No, I won't spoil it for anyone who (like me) hasn't played a Story of Seasons or any of their predecessors, but I really didn't expect that taking care of my farm while living a somewhat relaxed life in a small town would have such deep, thought-provoking undertones. Honestly, after beginning to plant out my crops at the beginning of a new year, I did not expect to be confronted with having to think about my own mortality and use of my time, putting extra emphasis on managing time wisely before it's gone.

That being said, it's not all dark and deep undertones (though definitely go and speak to Romana in the Villa if you want to hear something unexpected). There's plenty of light and joy in it. From consuming things that are definitely not magic mushrooms in order to visit Nature Sprites, to getting bright pink sheep that you can't help but name Candy and Floss (which was probably a bad idea now I'm reading it...) there's enjoyment to be found in the little things. Also, does anyone else get really happy when you shake a fruit tree and a whole bunch of ripe produce falls down at once?

Also, this game has a profound way of making you see that everyone around you has their own struggles, and many of them are wearing masks that only truly begin to be lifted once you take the time to get to know them. A subtle message about real life? Possibly.

However, surprising undertones aside, I can't help but feel a smile on my face each time I play from the sheer wholesome vibe and moments of elation brought on by small accomplishments, such as pulling up a perfect turnip or watching your watermelons bloom into juicy fruit. In Forgotten Valley, it truly is a Wonderful Life.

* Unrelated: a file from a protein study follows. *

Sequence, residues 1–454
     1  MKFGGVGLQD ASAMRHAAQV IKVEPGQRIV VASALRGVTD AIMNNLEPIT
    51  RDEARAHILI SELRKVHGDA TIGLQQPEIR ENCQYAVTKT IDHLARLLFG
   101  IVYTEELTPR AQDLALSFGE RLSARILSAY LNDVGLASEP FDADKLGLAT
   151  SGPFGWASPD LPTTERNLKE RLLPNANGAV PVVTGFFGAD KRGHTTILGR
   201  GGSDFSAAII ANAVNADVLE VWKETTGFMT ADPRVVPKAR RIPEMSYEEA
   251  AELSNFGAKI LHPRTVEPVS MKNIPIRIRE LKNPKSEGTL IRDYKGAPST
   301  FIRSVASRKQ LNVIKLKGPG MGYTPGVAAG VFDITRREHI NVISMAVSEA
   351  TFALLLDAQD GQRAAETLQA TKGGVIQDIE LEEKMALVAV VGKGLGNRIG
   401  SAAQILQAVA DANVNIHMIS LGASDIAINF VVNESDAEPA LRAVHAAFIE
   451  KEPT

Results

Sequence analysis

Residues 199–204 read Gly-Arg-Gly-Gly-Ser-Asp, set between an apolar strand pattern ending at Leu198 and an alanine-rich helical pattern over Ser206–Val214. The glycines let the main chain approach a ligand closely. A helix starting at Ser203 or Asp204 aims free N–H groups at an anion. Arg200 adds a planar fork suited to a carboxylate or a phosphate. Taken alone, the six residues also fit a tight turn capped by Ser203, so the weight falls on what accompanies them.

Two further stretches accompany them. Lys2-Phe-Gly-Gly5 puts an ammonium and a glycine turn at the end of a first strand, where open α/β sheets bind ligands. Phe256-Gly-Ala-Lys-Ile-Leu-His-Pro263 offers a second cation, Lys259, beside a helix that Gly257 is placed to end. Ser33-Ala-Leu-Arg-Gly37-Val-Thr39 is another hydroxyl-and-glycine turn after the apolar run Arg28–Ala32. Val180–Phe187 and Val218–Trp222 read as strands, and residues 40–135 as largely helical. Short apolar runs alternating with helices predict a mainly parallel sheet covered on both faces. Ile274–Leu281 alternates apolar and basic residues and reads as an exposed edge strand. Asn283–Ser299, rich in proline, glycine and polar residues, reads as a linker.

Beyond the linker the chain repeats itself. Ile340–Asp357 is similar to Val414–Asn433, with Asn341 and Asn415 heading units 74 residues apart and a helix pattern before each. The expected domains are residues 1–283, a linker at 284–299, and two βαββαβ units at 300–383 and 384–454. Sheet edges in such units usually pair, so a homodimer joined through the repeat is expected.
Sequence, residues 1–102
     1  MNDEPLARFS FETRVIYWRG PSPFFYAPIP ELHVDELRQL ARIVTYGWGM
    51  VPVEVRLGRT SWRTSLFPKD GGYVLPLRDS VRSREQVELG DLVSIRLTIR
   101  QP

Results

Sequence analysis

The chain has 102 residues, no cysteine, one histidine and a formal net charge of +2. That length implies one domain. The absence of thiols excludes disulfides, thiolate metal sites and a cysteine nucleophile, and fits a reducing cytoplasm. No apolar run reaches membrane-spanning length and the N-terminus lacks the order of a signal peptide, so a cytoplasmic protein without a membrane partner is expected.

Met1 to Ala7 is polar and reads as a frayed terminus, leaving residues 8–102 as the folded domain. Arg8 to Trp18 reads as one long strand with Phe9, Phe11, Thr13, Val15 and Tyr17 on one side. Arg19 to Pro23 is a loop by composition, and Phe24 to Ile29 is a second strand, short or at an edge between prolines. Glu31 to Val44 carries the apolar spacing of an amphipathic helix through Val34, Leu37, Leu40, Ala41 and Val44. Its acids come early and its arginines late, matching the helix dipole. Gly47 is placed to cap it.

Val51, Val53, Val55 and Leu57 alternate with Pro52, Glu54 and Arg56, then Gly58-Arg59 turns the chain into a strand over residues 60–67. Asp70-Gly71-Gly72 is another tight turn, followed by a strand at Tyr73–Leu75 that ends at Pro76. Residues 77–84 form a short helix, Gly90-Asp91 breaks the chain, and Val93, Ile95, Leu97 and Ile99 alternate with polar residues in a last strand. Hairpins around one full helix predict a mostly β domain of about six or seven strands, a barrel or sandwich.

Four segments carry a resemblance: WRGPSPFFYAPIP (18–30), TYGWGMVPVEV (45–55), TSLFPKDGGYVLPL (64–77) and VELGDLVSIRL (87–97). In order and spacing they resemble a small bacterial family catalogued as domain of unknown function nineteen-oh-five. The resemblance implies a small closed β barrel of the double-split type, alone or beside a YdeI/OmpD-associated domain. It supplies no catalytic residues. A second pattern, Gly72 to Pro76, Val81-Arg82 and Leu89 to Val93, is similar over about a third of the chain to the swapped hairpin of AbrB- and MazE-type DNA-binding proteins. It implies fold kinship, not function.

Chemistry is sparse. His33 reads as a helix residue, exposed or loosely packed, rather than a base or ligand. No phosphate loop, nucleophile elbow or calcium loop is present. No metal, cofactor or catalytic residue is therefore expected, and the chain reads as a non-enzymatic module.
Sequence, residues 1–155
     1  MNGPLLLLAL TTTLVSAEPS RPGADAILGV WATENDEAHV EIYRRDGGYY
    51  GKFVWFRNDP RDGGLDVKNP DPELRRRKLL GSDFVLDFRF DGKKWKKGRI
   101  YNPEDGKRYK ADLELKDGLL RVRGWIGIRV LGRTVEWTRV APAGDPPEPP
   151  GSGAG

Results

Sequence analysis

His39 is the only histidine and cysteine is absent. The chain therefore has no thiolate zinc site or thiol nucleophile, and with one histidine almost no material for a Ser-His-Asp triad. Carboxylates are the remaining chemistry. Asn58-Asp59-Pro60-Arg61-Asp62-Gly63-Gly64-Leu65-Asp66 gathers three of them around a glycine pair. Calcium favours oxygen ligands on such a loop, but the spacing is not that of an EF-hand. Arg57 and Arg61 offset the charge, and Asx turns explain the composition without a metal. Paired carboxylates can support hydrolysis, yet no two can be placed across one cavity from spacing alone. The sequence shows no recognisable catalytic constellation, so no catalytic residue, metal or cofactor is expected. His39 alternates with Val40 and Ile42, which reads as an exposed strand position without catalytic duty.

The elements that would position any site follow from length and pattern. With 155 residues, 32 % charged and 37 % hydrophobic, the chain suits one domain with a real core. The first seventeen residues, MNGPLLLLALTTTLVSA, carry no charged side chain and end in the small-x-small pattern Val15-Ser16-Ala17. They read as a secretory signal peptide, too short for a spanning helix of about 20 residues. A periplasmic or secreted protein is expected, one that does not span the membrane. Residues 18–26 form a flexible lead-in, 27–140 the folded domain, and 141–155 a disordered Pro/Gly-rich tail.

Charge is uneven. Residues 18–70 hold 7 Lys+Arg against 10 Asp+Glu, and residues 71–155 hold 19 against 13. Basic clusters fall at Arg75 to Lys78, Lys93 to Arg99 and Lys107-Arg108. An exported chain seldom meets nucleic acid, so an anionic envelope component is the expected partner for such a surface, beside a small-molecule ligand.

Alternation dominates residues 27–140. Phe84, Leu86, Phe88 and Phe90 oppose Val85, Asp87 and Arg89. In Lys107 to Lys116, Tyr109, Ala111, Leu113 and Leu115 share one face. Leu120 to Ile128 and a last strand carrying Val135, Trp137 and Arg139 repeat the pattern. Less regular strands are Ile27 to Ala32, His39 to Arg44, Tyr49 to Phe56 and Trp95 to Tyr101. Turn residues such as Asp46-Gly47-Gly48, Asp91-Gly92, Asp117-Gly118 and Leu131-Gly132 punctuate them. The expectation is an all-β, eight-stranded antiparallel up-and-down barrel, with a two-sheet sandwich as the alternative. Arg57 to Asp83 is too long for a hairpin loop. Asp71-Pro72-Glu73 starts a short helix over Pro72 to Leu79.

Marie Pritchard

Word Factori, PC

Word Factori.Watch on YouTube

Word Factori is one of those games that achieves wonders by being enormously literal-minded. It's a "factory sim" that resembles doodles on graph paper, in which you're fabricating letters rather than cars or tanks or submarine parts. How do you manufacture letters when your only raw materials are other letters? Well, what does a letter consist of? Lines and curves. The letter "I" is a straight line. Therefore, you can assemble any other letter by combining, reorienting and bending "I"s out of shape - or by further modifying the letters you make with the letter "I".

Tilt two "I"s by 45 degrees and flip one horizontally, and you've got two halves of a "V". Take two "V"s and spin them upside down and you have an "M". Each level in the game is about setting up production lines to complete a word or phrase, such as "ivy", with the promise of secret letter recipes and hidden word art in the final release.

It's more puzzler than factory game - if you get a huge kick out of finding and fixing logistical bottlenecks, I'd give this a miss - but either way, it's a lot of fun. There's something poetic about the game's insistence that accomplishing le mot juste is really just a question of hooking up your conveyor belts correctly. It's also quietly macabre, because you're taking a first-person pronoun and duplicating or mutilating it, but I won't belabour the point. The Word Factori demo is over here!